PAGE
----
Parque Zaragoza Neighborhood Park

2608 Gonzales Street, 78702
Historic Status:
National Register of Historic Places, Austin Landmark


Spanning 15 acres along Boggy Creek and with over 90 years of history, Parque Zaragoza Neighborhood Park is more than just a space for recreation. Aside from several athletic amenities, the park is notable for hosting Mexican festivities, barbecues, and dances.


Walking through Parque Zaragoza is like taking a trip through Austins history. Thanks to the grassroots efforts of Mexican American community leaders in Austin, the city’s first Latino-centric public park opened in 1933 along Boggy Creek near East Seventh Street.

With a large influx of Mexican Americans moving to Austin in the early 1930s, Parque Zaragoza quickly became a cultural hub. In the early days, Latino leaders established volunteer groups to develop the park’s programming. Early activities included baseball games, dances, and Mexican festivities such as 5 de Mayo and 16 de Septiembre. However, by far the most popular attraction at Parque Zaragoza was the Tejano music. Tejano bandas from across Texas would travel to Austin to perform at the park. This initial drive from Parque Zaragoza helped catapult Austin’s reputation as the “Live Music Capital of the World.”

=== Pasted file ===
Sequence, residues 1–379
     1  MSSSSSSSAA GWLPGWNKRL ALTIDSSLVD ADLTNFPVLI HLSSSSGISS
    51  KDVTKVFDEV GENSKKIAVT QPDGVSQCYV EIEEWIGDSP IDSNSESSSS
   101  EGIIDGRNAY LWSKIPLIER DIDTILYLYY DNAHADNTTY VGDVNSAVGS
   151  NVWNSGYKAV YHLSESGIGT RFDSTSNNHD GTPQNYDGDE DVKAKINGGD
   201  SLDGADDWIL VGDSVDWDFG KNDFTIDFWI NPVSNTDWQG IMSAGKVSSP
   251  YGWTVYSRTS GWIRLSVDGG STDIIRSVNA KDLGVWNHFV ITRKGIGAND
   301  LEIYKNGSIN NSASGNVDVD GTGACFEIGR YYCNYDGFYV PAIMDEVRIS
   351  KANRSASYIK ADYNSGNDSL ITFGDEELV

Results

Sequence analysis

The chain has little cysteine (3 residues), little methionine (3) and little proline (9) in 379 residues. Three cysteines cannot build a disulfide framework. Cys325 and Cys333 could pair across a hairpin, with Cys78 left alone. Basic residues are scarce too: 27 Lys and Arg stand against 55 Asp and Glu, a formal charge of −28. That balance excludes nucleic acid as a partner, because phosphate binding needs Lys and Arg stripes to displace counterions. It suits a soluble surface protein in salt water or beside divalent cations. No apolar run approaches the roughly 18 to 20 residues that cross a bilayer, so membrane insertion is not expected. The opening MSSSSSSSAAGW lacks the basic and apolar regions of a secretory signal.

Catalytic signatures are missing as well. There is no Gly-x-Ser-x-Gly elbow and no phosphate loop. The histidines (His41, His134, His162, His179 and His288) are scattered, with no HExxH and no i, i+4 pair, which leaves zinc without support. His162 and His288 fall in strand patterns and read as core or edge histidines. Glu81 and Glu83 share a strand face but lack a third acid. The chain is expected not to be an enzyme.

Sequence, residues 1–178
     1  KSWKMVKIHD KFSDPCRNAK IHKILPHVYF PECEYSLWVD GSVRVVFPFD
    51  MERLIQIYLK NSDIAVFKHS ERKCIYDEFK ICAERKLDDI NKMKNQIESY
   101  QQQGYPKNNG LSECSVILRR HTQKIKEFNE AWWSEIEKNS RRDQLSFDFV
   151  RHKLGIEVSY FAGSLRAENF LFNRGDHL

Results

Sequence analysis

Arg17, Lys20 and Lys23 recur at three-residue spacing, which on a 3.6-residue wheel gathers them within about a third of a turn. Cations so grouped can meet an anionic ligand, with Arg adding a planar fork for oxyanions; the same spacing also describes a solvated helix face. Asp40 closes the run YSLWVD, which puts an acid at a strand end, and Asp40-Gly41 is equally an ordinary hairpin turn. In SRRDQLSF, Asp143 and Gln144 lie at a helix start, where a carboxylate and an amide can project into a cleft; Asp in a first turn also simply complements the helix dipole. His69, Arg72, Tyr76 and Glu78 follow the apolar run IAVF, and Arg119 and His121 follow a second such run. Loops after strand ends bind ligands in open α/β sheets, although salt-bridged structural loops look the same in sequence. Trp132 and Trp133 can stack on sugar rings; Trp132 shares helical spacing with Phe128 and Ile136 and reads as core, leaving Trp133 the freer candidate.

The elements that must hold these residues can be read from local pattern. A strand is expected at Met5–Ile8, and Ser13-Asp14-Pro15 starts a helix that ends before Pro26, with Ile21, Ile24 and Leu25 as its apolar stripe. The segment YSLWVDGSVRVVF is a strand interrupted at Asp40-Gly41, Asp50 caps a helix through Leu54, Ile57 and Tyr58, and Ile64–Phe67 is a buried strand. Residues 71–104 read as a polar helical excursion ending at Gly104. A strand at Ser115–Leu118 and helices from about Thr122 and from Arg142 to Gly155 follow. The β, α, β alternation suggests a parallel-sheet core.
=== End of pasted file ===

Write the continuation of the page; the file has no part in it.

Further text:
Just as Parque Zaragoza’s founding was spurred by community advocacy, so have its improvements. In the early 1990s, community members succeeded in getting the park included in a bond package, and in 1996, a 17,000-square-foot, state-of-the-art recreation center was constructed. This curved-roof facility offers a flexible community space for East Austin residents, a gymnasium for basketball and volleyball, locker rooms, and showers. Other amenities include an arts and crafts studio, weight/exercise room, kitchen, multipurpose room, and administrative offices. Architecturally, the recreation center is notable for its use of local limestone, steel trusses, and corrugated metal—expressing Central Texas regional style. The center features murals that commemorate the park’s founding members and depict scenes in Mexican history.

Since the turn of the century, the park has grown to include established festivities such as Easter egg hunts and pumpkin carvings. As Austin continues to grow, the park has seen bigger events, after-school programs, and the development of larger amenities such as a swimming pool and an outdoor stage. Despite its current prominence as a recreation and entertainment area, it is vital to consider the historic and cultural significance of Parque Zaragoza for the Mexican American community in Austin. – Erasmo Cantu

Photo Credits:

Chris Ferguson, AIA